Much of the argan oil produced today is made by women’s co-operatives. Employment in the co-operatives provides women with an income. Many have used to fund education for themselves or their children. It has also provided them with a degree of autonomy in a traditionally male-dominated society and has helped many become more aware of their rights. Whenever an order is placed, it is designated to one of the village groups which produce it in full. This ensures that each delivery batch can be traced back to the workers who prepared it. This certifies that the oil produced is high quality, traceable and fresh. The co-cooperative arranges training and monitoring for each co-operative to help them all reach ECOCERT organic and FairTrade status.

Argan oil benefits and properties

Argan oil

Argan oil is primarily comprised of fatty acids and a variety of phenolic compounds. Approximately 29–36% of the fatty acid content of argan oil comes from linoleic acid, or omega-6, making it a good source of this essential oil
Argan oil is a rich source of oleic acid, though not essential, makes up 43–49% of the fatty acid composition of argan oil and is a very healthy fat (monounsaturated, omega-9 fat). Found in avocado and olive oil as well, oleic acid is renowned for its positive impact on heart health. The oleic and linoleic acids that make up the majority of argan oil’s fat content are vital nutrients for maintaining healthy skin and hair. Argan oil is often directly administered to skin and hair but may also be effective when ingested.,
Argan oil is a rich source of vitamin E (tocopherol), whi ch is required for healthy skin, hair and eyes. This vitamin also has powerful antioxidant properties to reduce the damaging effects of free radicals.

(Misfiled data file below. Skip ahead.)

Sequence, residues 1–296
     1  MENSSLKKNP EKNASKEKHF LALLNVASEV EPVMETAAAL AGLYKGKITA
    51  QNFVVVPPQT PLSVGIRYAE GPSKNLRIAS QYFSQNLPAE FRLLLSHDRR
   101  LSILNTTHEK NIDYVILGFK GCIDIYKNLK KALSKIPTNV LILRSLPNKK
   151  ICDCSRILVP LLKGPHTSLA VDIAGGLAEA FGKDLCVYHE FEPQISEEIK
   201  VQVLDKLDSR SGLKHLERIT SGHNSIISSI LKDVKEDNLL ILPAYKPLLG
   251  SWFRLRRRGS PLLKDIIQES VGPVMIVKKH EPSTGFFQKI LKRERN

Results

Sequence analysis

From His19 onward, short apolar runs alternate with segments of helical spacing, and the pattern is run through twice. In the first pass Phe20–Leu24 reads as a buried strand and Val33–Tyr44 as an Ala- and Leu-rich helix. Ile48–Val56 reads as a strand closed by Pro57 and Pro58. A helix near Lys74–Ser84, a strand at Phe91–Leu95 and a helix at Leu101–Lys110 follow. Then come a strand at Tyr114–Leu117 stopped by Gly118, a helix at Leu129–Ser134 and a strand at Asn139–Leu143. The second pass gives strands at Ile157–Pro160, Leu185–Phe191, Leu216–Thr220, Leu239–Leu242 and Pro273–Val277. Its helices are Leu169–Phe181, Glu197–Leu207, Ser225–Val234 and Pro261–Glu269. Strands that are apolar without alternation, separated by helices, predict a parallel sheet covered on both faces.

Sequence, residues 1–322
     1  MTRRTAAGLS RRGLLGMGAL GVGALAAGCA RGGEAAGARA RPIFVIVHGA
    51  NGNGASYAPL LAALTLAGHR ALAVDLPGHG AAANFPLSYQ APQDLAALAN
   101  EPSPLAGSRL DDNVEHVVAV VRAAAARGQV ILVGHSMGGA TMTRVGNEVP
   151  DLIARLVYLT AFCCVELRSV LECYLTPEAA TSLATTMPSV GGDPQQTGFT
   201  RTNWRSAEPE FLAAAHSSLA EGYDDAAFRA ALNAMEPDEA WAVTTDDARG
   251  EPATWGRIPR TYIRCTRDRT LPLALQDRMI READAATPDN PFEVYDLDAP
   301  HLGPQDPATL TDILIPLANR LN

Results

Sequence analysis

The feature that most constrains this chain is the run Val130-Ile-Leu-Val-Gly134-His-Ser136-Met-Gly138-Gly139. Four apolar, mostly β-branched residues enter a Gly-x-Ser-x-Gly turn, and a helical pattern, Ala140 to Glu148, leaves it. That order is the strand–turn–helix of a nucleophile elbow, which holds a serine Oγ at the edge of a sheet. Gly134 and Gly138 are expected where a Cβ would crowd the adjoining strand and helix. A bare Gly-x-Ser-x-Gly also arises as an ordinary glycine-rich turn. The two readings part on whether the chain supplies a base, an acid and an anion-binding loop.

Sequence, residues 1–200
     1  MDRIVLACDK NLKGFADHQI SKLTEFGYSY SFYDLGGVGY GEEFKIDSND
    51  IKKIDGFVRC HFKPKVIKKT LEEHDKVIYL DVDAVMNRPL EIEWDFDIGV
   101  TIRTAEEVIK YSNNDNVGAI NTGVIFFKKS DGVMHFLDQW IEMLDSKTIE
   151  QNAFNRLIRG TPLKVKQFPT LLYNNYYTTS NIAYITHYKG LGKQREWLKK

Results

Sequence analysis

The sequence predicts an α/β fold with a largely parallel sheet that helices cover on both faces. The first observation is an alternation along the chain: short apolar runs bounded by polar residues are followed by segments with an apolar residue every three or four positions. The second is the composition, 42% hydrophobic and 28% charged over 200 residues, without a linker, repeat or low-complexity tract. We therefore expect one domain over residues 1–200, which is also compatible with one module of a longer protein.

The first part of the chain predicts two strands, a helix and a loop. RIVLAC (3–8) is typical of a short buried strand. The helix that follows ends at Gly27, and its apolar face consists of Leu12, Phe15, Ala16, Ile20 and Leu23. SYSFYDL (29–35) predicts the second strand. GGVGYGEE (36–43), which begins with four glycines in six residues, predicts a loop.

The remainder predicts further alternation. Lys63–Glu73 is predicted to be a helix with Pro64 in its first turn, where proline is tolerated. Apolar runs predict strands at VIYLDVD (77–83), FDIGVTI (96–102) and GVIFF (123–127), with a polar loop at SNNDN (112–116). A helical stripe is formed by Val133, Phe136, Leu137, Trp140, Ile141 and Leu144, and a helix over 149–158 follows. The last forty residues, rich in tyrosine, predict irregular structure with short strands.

Argan oil nut

Argan oil has quickly become a popular ingredient for many skin care products. Some research suggests that dietary intake of argan oil may help slow the aging process by reducing inflammation and oxidative stress. The antioxidant and anti-inflammatory compounds may support reduced redness and irritation of the skin caused by acne. Some studies show argan oil both taken orally and administered to the skin to be effective for increasing skin elasticity and hydration in postmenopausal women

It may also support repair and maintenance of healthy skin when applied directly to your skin, thus reducing visual signs of aging. Some research indicates that argan oil can also be applied directly to your skin to reduce inflammation caused by injuries or infections. Argan oil is frequently used to prevent and reduce stretch marks, although no research has been conducted to prove its efficacy You can apply argan oil directly to damp or dry hair to improve moisture, reduce breakage, or reduce frizz. It is also included in shampoos or conditioners. If it’s your first time using it, start with a small amount to see how your hair responds. If you have naturally oily roots, apply argan only to the ends of your hair to avoid greasy-looking hair.